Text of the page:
One window was delivered with a slight glazing imperfection, and another was damaged in transit due to poor packing for shipment. Thermotech promptly replaced both units.
We noticed that the windows opened easily but were a bit more reluctant to close. One builder pointed out how the top mullion on the fixed unit did not align with the adjacent venting unit. Yep, but that’s pretty subtle! The only blemish we noticed was on a couple of windows installed a few years ago. The paint on the bracket that cinches the venting sash to the frame had worn off on these units, and the exposed metal bracket had some surface rust.
There are no nearby Thermotech distributors, so the builders have dealt directly with Thermotech in Ottawa, Canada.
Thermotech windows cost less than Unilux windows
At a cost of $83 per square foot, the Thermotech windows combine high performance at a budget-friendlier price that the Unilux. We would be comfortable using the Thermotech windows.
Still, the Thermotech windows just don’t look as classy as the Unilux with its baked on aluminum exterior cladding, furniture-quality solid-wood finish on the interior, and heavy-duty door hinges. The standard white color of the Thermotech window makes it look like a cheaper PVC window. It would add about $11,000 to custom color the fiberglass and add an interior wood veneer, negating much of the Thermotech cost advantage.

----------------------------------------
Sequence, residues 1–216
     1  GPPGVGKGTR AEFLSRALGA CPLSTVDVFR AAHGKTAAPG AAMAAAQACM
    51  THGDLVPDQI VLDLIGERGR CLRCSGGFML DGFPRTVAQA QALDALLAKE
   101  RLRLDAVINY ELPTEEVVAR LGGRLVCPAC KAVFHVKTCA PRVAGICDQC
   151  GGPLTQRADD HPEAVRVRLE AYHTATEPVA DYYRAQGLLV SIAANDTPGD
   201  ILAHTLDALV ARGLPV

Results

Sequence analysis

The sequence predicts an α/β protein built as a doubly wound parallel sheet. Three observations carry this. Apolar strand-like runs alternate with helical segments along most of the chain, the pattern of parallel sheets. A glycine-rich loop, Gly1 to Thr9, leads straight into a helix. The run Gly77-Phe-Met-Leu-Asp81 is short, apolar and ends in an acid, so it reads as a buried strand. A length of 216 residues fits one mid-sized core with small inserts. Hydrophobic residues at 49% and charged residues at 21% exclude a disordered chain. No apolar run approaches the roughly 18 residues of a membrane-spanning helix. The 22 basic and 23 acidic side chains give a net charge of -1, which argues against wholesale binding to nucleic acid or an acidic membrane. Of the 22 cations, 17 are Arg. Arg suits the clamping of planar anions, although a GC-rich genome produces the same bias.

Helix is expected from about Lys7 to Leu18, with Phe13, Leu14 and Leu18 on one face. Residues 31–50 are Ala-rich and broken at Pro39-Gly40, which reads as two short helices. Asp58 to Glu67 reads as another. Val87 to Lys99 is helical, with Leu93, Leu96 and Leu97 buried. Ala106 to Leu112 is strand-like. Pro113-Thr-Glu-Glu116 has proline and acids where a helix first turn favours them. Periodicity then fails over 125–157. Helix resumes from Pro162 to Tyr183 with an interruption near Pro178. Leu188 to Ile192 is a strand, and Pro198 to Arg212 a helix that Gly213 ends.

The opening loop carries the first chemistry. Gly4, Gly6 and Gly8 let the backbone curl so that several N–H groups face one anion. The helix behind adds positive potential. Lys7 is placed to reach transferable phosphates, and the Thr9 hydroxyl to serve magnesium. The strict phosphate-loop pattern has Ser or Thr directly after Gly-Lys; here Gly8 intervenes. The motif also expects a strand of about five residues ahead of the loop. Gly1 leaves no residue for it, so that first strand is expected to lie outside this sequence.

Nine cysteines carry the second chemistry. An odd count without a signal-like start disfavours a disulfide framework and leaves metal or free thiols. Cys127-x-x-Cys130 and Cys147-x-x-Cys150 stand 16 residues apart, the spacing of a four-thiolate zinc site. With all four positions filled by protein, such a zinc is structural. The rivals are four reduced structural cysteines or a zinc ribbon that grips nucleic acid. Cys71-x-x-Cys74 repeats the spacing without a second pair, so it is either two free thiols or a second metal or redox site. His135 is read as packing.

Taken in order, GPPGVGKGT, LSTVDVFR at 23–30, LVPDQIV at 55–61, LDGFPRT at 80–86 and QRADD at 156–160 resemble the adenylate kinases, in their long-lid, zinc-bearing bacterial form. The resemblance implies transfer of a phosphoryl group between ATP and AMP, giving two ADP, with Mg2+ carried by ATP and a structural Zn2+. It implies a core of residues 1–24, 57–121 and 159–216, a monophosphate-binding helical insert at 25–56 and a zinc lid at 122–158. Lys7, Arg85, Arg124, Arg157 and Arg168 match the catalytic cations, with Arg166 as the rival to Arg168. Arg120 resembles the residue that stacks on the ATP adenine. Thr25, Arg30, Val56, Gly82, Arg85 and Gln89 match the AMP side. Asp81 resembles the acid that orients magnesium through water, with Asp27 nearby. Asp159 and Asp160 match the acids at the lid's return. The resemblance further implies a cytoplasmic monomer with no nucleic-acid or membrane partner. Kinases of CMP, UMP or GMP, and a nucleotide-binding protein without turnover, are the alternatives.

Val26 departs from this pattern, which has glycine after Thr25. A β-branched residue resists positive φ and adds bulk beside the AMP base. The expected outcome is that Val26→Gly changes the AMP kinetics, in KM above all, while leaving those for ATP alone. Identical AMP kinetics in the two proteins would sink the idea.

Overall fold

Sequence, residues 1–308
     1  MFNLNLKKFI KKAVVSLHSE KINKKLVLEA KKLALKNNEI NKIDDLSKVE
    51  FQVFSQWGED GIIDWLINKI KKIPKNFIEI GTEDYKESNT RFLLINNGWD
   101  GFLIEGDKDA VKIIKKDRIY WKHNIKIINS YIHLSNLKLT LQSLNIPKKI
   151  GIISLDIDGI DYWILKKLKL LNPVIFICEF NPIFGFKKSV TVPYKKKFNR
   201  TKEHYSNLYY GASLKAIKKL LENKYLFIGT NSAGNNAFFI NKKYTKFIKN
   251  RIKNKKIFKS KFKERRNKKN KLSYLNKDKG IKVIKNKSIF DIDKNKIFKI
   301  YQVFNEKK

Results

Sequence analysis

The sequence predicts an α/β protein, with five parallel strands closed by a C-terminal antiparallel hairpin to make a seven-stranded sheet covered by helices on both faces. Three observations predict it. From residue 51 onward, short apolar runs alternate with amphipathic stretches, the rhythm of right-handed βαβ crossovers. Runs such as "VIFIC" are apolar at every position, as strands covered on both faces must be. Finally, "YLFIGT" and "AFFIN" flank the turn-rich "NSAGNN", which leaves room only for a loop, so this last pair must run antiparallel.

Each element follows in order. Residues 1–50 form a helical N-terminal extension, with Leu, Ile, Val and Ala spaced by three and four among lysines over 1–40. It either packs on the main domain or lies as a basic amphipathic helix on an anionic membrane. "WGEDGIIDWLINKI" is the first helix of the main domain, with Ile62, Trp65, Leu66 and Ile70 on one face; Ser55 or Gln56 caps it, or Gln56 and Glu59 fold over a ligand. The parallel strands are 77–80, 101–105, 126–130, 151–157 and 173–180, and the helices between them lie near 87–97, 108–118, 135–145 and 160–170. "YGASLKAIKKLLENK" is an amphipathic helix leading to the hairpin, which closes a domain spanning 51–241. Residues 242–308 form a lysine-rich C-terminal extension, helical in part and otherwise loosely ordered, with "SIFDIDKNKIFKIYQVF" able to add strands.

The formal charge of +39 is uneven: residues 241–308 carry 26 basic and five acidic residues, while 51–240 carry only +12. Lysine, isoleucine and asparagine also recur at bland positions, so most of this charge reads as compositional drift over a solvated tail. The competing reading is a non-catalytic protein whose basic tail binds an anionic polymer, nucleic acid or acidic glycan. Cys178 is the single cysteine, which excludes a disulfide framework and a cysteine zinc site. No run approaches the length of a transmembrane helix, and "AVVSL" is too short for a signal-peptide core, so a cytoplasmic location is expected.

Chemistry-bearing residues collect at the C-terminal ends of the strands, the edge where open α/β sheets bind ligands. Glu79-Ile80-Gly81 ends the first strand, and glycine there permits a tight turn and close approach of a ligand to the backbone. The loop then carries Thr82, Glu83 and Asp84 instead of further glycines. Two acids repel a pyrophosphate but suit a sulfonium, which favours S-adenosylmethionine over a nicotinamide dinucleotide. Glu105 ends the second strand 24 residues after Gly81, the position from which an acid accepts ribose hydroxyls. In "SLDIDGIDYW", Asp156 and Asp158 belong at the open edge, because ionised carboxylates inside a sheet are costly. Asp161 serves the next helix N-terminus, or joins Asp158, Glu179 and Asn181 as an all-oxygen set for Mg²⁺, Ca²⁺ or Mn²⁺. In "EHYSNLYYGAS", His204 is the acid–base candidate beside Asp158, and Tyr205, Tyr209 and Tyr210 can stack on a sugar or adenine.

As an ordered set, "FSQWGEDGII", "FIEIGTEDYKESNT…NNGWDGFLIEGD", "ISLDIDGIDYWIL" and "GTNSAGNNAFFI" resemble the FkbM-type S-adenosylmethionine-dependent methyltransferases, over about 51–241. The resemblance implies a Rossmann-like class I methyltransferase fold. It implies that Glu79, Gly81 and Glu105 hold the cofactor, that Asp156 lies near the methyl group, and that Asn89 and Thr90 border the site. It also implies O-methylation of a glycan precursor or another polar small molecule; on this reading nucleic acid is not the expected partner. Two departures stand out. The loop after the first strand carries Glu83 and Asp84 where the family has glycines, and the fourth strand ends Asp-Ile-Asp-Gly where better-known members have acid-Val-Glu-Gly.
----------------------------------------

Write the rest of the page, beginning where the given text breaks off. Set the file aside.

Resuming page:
The quality of the hardware on the Unilux appears sturdier than that on the Thermotech. As a hefty tilt/turn window, the Unilux opens and closes easily on its beefy hinges.
Our architect, Chris Briley, discovered last week that Unilux offers an optional higher SHGC glazing (0.61 vs. standard 0.50). (As an aside, it would have saved a substantial number of billable hours from our architect and energy consultant if we had been told at the outset that Unilux offers direct glazing and higher SHGC glazing options for optimal performance).
Are the window specs good enough for a Passivhaus?
We have asked Marc Rosenbaum, our energy consultant, to see if EdgewaterHaus can meet the Passivhaus standard using Unilux with direct glazing on mulled units and the 0.61 SHGC glazing in the Passive House Planning Package(PHPP) energy model. If so, perhaps we can negotiate a more budget-friendly price for the Unilux windows.
If not, we will use the Thermotech windows.